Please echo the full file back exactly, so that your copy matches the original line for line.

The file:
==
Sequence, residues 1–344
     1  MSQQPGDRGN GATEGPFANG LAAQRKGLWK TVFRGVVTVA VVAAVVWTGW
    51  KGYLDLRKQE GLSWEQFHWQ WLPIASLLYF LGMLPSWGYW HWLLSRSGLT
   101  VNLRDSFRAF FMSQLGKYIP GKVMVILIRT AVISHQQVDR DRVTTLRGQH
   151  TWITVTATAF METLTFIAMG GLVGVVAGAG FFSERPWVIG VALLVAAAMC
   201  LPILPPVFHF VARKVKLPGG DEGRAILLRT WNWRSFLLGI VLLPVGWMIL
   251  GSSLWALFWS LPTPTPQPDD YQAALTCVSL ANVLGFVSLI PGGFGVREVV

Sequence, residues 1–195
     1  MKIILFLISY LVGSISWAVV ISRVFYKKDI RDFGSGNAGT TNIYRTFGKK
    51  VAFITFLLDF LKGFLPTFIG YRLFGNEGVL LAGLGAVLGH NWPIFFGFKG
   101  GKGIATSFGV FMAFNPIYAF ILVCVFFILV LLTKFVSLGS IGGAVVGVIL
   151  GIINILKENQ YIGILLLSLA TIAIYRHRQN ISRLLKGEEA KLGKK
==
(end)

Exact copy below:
Sequence, residues 1–344
     1  MSQQPGDRGN GATEGPFANG LAAQRKGLWK TVFRGVVTVA VVAAVVWTGW
    51  KGYLDLRKQE GLSWEQFHWQ WLPIASLLYF LGMLPSWGYW HWLLSRSGLT
   101  VNLRDSFRAF FMSQLGKYIP GKVMVILIRT AVISHQQVDR DRVTTLRGQH
   151  TWITVTATAF METLTFIAMG GLVGVVAGAG FFSERPWVIG VALLVAAAMC
   201  LPILPPVFHF VARKVKLPGG DEGRAILLRT WNWRSFLLGI VLLPVGWMIL
   251  GSSLWALFWS LPTPTPQPDD YQAALTCVSL ANVLGFVSLI PGGFGVREVV

Sequence, residues 1–195
     1  MKIILFLISY LVGSISWAVV ISRVFYKKDI RDFGSGNAGT TNIYRTFGKK
    51  VAFITFLLDF LKGFLPTFIG YRLFGNEGVL LAGLGAVLGH NWPIFFGFKG
   101  GKGIATSFGV FMAFNPIYAF ILVCVFFILV LLTKFVSLGS IGGAVVGVIL
   151  GIINILKENQ YIGILLLSLA TIAIYRHRQN ISRLLKGEEA KLGKK